Our findings support other studies in highlighting the limitations of current end of life care education for GPs and their lack of confidence in this area [9, 1517], as well as educational needs relating to out-of-hours care [17], symptom control [20, 41, 42], non-cancer diagnoses [17, 20, 43], and counselling [16, 20]. Where we add to the evidence is in identifying the need for practice-based mentorship and/or apprenticeship models in education in end of life care. We also describe specific educational needs around the identification and referral of patients for palliative care; roles, responsibilities and team-working; local services and systems; and in paediatric palliative care. Of note, participants in general felt they had had sufficient communication skills training, despite still finding conversations about dying to be difficult. Perhaps what is needed is not more communication skills training, but qualitatively different communication skills training.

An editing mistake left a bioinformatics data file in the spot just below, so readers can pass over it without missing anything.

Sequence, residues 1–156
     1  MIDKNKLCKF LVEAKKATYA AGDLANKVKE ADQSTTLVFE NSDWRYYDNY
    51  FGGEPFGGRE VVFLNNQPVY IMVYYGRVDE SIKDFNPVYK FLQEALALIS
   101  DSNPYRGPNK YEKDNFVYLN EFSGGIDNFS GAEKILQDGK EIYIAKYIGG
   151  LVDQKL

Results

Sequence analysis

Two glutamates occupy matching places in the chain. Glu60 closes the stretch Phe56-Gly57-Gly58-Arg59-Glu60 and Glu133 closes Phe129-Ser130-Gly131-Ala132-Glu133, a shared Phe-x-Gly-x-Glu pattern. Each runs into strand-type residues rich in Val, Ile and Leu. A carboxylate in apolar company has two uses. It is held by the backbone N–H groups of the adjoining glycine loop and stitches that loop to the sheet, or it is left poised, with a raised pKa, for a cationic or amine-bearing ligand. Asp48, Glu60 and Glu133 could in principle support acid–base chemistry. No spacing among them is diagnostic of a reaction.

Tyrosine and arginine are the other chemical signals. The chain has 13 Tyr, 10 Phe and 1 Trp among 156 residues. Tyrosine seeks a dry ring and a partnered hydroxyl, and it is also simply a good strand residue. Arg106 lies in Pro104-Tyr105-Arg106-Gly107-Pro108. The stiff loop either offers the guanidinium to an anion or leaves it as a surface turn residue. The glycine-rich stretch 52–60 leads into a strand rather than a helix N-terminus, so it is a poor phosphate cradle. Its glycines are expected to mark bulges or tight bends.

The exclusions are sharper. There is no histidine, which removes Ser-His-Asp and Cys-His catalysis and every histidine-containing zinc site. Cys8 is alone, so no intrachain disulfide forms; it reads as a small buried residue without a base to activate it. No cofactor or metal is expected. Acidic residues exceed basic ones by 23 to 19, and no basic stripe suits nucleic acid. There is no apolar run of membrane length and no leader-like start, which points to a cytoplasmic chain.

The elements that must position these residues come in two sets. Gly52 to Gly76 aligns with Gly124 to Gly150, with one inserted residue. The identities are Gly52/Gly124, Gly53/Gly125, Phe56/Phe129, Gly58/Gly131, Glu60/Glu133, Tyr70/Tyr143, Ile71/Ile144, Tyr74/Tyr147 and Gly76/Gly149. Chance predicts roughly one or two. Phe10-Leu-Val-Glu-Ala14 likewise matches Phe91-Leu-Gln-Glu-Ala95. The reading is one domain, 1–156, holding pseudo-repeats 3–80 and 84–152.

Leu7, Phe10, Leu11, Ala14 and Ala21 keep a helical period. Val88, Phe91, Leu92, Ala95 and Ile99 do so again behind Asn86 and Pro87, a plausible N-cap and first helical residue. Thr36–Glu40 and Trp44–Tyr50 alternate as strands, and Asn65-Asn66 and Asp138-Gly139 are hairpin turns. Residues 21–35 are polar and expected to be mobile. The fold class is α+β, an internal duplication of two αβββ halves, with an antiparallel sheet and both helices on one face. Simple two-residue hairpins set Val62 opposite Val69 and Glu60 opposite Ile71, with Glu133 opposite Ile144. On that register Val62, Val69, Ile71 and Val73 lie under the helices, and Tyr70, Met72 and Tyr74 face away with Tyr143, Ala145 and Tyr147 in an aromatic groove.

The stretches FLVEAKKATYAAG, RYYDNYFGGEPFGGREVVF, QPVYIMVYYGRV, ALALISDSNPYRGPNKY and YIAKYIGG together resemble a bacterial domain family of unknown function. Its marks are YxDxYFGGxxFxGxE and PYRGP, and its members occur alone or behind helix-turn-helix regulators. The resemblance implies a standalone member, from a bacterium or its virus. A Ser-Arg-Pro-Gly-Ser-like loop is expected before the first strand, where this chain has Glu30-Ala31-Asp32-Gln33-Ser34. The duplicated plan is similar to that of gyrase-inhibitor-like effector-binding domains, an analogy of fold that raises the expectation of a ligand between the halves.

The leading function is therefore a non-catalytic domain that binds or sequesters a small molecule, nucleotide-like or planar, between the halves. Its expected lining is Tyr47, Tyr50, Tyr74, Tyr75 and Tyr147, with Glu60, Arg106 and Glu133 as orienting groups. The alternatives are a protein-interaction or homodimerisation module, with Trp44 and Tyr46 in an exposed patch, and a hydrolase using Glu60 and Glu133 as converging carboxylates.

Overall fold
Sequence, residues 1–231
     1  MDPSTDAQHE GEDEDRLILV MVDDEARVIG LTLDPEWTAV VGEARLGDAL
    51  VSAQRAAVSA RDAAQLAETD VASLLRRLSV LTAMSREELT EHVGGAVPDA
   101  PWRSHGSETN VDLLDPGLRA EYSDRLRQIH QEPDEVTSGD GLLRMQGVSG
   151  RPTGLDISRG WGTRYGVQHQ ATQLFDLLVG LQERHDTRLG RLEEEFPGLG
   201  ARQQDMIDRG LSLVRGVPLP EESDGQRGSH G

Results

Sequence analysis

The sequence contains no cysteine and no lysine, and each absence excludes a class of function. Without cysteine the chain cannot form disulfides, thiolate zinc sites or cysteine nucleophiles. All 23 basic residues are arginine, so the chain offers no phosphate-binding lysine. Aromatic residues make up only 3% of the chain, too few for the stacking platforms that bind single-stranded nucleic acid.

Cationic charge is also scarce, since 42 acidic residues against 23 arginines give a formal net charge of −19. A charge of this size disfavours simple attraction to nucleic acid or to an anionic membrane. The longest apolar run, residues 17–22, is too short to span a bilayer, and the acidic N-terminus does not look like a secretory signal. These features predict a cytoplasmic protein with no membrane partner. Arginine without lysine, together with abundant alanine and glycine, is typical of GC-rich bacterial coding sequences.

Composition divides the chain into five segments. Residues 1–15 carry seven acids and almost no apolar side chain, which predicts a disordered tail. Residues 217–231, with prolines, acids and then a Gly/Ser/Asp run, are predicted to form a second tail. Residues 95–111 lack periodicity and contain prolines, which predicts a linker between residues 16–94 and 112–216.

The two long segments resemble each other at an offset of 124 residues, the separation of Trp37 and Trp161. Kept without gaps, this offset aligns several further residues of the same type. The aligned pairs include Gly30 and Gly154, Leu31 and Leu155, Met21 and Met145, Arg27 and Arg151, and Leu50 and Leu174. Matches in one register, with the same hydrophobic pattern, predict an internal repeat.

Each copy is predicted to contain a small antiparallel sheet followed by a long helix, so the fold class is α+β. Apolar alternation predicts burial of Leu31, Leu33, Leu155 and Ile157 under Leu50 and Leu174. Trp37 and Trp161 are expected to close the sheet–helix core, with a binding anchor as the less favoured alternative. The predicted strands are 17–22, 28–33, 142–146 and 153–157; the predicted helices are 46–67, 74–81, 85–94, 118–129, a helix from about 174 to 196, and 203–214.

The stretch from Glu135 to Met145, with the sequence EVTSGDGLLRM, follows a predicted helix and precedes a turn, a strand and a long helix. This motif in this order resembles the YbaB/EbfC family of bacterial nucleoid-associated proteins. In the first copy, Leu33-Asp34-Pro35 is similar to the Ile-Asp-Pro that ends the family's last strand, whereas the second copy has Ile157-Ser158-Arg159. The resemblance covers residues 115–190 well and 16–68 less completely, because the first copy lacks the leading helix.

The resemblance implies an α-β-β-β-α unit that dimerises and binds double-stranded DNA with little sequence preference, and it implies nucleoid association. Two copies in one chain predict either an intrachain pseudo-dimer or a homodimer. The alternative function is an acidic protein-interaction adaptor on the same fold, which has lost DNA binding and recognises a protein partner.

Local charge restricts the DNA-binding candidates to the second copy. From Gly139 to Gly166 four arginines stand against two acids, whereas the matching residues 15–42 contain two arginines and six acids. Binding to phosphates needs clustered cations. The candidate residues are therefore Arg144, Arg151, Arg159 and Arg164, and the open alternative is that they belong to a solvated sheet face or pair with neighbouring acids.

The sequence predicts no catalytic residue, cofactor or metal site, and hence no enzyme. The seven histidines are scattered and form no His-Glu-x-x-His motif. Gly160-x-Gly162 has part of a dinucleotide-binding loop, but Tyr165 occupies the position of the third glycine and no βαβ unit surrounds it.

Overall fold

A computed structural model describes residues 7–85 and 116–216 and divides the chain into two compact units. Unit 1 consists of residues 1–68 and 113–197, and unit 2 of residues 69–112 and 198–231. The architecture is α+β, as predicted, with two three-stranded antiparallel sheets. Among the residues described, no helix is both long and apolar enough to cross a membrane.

As in a study by Pype et al. in Belgium [21], we found that practical experience, including workplace learning through collaboration with palliative care specialists, was highly valued as a way to learn skills. Our participants were unanimously positive about collaborating with and learning from palliative care specialists. This suggests improvements in this area since 1998, when a study found that GPs questioned the extent to which they should defer to the specialist palliative care team [43]. Our finding that GPs had reservations about learning EoLC in an online format, preferring face-to-face education, contradicts other studies. A survey of GPs (n = 203, 20.3% response rate) working for an independent provider of out-of-hours services in England found that e-learning was the preferred method (67.5%, n = 137) [17]. A randomised controlled trial in Spain [44, 45] also found that primary care physicians were satisfied with an online palliative care education programme. However, that programme integrated mentoring, which GPs in the current study also valued. E-learning in this area warrants further research.